The American Expeditionary Forces was a formation of the United States Army on the Western Front of World War I. The AEF was established on July 5, 1917, in France under the command of Gen. John J. Pershing. It fought alongside French Army, British Army, Canadian Army, and Australian Army units against the German Empire. A minority of the AEF troops also fought alongside Italian Army units in that same year against the Austro-Hungarian Army. The AEF helped the French Army on the Western Front during the Aisne Offensive in the summer of 1918, and fought its major actions in the Battle of Saint-Mihiel and the Meuse-Argonne Offensive in the latter part of 1918.
The First Australian Imperial Force was the main expeditionary force of the Australian Army during World War I. It was formed on 15 August 1914, following Britain's declaration of war on Germany, initially with a strength of one infantry division and one light horse brigade. The infantry division subsequently fought at Gallipoli between April and December 1915, being reinforced by a second division which was later raised, as well as three light horse brigades. After being evacuated to Egypt the AIF was expanded to five infantry divisions, which were committed to the fighting in France and Belgium along the Western Front in March 1916. A sixth infantry division was partially raised in 1917 in the United Kingdom, but was broken up and used as reinforcements following heavy casualties on the Western Front. Meanwhile, two mounted divisions remained in the Middle East to fight against Turkish forces in the Sinai and Palestine.
The Australian Corps was a World War I army corps that contained all five Australian infantry divisions serving on the Western Front. It was the largest corps fielded by the British Empire in France. At its peak the Australian Corps numbered 109,881 men. By 1918 the headquarters consisted of more than 300 personnel of all ranks, including senior staff officers, as well as supporting personnel such as clerks, drivers and batmen. Formed on 1 November 1917, the corps replaced I Anzac Corps while II Anzac Corps, which contained the New Zealand Division, became the British XXII Corps. While its structure varied it usually included 4–5 infantry divisions, corps artillery and heavy artillery, a corps flying squadron and captive balloon sections, anti-aircraft batteries, corps engineers, corps mounted troops, ordnance workshops, medical and dental units, transport, salvage and an employment company.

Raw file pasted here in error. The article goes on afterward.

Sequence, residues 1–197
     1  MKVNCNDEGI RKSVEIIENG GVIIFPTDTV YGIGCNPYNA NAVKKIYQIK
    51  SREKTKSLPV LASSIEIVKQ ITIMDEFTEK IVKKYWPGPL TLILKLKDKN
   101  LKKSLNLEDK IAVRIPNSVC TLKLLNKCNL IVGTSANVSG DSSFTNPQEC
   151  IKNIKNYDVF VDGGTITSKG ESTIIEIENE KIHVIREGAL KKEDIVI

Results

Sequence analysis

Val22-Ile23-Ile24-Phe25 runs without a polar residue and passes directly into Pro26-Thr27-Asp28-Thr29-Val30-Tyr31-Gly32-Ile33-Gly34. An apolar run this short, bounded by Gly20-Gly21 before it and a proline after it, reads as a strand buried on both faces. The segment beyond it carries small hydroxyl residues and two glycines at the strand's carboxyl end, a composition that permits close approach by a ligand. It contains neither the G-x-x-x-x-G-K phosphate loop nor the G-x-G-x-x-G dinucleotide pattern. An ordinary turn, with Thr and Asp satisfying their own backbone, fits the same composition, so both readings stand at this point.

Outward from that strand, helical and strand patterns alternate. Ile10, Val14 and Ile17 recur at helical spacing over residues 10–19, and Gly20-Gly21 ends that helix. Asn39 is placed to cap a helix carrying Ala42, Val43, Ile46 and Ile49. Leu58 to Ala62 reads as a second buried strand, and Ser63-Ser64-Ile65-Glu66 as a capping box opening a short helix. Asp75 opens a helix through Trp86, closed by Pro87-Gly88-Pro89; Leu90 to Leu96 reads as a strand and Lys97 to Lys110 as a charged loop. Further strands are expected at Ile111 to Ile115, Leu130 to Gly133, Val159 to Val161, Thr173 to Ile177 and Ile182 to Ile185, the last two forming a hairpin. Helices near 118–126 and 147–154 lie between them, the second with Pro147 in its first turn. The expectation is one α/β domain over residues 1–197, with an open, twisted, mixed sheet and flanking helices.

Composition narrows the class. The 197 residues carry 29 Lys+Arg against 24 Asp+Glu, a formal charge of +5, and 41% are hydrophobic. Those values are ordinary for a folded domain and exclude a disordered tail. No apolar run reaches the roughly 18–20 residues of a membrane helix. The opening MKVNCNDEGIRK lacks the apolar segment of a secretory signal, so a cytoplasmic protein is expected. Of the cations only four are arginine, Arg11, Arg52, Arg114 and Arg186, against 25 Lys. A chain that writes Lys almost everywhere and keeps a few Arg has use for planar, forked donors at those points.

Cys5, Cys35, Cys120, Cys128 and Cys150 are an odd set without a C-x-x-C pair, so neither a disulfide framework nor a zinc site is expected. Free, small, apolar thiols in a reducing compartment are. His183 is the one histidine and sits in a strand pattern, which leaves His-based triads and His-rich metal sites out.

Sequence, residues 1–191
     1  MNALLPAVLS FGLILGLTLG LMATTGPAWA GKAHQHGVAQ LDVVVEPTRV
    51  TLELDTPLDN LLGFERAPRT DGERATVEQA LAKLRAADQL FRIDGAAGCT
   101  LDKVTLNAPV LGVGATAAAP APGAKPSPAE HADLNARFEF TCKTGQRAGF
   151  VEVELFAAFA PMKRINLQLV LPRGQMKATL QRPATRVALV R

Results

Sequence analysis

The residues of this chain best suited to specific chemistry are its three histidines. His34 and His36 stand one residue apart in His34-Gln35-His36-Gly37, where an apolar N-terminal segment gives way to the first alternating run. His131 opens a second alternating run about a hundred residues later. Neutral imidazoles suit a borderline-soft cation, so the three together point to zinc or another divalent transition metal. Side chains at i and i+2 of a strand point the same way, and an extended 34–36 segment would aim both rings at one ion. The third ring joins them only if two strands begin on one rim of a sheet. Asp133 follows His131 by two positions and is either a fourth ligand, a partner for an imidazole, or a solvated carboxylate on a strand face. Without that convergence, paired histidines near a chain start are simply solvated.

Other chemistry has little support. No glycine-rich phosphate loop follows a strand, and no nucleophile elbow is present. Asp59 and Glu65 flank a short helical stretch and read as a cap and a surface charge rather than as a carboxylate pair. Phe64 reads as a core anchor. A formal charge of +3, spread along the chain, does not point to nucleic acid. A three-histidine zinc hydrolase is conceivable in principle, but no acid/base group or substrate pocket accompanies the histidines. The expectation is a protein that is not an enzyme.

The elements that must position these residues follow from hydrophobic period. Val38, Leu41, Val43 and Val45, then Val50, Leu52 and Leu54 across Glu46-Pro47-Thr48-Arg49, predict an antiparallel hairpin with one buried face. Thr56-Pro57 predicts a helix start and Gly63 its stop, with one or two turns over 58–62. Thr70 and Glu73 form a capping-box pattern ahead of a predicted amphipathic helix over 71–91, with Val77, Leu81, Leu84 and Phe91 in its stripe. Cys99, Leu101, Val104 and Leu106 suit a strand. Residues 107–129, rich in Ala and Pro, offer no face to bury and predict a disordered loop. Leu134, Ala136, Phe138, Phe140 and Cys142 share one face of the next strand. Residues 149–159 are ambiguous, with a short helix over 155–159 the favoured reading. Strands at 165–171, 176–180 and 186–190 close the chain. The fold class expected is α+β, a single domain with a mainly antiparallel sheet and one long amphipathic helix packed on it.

The Fort de Joux or Château de Joux is a castle, transformed into a fort, located in La Cluse-et-Mijoux in the Doubs department in the Jura mountains of France. It commands the mountain pass Cluse de Pontarlier.
Péronne is a commune of the Somme department in Hauts-de-France in northern France.
Villers-Bretonneux is a commune in the Somme department in Hauts-de-France in northern France.
La Ferté-sous-Jouarre is a commune in the Seine-et-Marne département in the Île-de-France region in north-central France.
Vaulx-Vraucourt is a commune in the Pas-de-Calais department in the Hauts-de-France region of France.
La Balme-les-Grottes is a commune in the Isère department in the Auvergne-Rhône-Alpes region of south-eastern France.
Saint-Pôtan is a commune in the Côtes-d'Armor department of Brittany in northwestern France.
Bussy-le-Château is a commune in the Marne department in the Grand Est region of north-eastern France.
Fismes[fim] is a commune in the Marne department in the Grand Est region of north-eastern France.
Vienne-le-Château is a commune in the Marne department in north-eastern France.
Lameth may refer to:
The Château de Bertangles, also named Château de Clermont-Tonnerre, is a historic castle in Bertangles, Somme, Hauts-de-France, France.